United Auto Workers Union Votes To Authorize A Strike
Workers are are reportedly asking for cost-of-living adjustments, which were suspended in 2007 when the American public bailed out the auto giants amid the Great Recession. The “COLA” adjustments (as UAW workers refer to them) date back to the ’50s. These are guaranteed raises matching the rate of inflation in the U.S., which are meant to maintain parity between worker pay and their living expenses.
Workers are also demanding an end to the tiered worker system, another relic of the Great Recession that allows automakers to pay employees different wages for doing the same work depending on when they were hired. Workers also say that there are now less (or no) full-time workers on assembly lines, as automakers much prefer to bring on so-called supplemental workers. This “temp worker” category lets automakers legally get away with not extending full-time benefits, such as competitive healthcare and full retirement pay.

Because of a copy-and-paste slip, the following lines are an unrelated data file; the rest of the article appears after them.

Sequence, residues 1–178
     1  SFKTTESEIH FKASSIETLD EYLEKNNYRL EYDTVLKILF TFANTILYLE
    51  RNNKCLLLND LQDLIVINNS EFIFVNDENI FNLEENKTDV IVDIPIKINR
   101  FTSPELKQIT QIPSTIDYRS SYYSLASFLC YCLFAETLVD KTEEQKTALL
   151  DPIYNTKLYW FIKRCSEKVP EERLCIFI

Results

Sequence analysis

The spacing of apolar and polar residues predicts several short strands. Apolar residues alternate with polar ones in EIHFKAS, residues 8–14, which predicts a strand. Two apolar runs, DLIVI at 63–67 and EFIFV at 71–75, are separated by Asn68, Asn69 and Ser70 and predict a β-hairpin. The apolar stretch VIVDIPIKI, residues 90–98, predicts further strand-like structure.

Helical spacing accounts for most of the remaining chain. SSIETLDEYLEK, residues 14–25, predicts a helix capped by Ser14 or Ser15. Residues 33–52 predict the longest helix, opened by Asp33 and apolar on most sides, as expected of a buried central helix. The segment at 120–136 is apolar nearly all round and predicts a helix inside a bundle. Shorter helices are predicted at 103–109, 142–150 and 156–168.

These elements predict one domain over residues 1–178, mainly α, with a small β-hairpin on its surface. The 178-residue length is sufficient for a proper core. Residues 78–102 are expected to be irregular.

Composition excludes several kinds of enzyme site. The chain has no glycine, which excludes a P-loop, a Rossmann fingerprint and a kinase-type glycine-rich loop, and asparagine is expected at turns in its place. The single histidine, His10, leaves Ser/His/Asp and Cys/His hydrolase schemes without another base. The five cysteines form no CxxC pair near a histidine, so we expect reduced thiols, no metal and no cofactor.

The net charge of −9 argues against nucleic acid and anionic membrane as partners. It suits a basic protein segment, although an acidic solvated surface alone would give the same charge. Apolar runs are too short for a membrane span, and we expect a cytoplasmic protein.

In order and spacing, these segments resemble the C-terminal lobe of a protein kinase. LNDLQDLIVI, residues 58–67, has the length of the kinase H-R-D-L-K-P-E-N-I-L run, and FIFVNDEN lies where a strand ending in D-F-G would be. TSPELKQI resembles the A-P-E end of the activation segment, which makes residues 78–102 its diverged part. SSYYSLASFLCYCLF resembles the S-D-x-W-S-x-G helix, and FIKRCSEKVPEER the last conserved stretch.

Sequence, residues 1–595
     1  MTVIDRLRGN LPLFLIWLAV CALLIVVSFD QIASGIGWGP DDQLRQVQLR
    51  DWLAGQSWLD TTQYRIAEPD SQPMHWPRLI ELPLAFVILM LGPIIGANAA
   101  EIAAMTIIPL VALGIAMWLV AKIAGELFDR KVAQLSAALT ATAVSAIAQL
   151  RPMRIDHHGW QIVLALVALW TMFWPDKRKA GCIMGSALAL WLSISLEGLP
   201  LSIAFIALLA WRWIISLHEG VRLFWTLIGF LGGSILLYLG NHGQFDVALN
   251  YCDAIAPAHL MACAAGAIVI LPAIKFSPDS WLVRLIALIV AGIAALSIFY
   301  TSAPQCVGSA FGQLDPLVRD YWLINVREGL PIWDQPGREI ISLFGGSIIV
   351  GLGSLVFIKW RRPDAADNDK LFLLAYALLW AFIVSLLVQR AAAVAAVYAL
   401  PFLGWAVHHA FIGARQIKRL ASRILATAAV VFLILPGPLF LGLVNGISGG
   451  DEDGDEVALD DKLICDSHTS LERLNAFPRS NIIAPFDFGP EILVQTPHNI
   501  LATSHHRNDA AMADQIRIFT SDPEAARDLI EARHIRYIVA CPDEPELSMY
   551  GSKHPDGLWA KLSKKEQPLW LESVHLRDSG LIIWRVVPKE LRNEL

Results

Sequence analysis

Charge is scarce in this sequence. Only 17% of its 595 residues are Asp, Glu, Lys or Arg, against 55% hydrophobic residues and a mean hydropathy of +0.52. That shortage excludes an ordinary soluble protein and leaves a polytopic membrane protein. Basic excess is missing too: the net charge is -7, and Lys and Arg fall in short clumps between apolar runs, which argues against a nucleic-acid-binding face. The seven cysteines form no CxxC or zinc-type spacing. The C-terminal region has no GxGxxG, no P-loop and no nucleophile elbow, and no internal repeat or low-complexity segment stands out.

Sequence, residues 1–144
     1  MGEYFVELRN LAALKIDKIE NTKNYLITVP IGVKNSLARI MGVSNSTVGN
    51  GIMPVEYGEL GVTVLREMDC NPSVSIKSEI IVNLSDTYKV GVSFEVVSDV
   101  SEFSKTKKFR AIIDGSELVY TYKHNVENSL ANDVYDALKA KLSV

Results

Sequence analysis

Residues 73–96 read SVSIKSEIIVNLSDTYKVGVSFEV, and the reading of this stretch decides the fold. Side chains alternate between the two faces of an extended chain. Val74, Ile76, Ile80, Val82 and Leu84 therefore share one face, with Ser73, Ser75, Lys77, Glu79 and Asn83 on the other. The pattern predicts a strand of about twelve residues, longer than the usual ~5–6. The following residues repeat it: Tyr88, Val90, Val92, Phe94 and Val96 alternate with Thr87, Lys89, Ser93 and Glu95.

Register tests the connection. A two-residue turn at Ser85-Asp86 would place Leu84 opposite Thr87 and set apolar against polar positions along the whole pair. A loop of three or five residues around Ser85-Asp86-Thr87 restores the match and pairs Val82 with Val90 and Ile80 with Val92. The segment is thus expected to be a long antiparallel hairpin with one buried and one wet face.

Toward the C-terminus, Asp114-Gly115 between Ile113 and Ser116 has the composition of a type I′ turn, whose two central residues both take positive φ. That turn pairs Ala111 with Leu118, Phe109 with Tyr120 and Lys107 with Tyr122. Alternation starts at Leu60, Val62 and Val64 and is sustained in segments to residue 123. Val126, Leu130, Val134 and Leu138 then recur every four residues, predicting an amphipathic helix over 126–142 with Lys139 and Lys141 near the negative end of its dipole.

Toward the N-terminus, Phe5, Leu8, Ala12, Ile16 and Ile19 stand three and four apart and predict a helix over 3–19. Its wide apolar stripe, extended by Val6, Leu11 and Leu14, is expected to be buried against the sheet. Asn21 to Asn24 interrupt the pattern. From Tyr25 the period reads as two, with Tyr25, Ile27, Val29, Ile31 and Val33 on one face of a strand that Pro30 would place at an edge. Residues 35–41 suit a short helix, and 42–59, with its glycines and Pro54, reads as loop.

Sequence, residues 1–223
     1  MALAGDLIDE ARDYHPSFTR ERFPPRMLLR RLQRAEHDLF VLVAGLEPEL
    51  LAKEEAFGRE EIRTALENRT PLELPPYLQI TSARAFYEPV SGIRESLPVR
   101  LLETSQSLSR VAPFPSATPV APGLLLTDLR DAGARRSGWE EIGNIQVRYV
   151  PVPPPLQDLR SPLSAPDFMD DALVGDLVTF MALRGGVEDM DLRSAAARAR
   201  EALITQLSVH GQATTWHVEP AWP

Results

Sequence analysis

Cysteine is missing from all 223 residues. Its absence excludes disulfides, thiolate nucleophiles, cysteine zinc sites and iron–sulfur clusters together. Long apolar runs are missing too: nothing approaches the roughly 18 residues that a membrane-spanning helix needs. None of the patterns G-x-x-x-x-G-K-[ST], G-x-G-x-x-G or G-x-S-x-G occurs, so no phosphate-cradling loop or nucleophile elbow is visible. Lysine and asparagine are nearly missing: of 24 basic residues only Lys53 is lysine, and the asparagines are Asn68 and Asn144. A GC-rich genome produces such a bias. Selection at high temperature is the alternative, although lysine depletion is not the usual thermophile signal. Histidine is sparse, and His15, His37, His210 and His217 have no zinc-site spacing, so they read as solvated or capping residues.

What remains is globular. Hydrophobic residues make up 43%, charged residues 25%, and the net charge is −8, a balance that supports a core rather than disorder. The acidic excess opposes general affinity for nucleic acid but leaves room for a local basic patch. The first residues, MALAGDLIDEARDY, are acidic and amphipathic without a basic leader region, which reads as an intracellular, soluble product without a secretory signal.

Now that the union has authorized a possible strike, the onus is on automakers to return to the bargaining table in good faith with an offer the UAW’s 150,000 workers deem satisfactory. Either that or suffer one of the biggest strikes in the U.S. in the last half-century.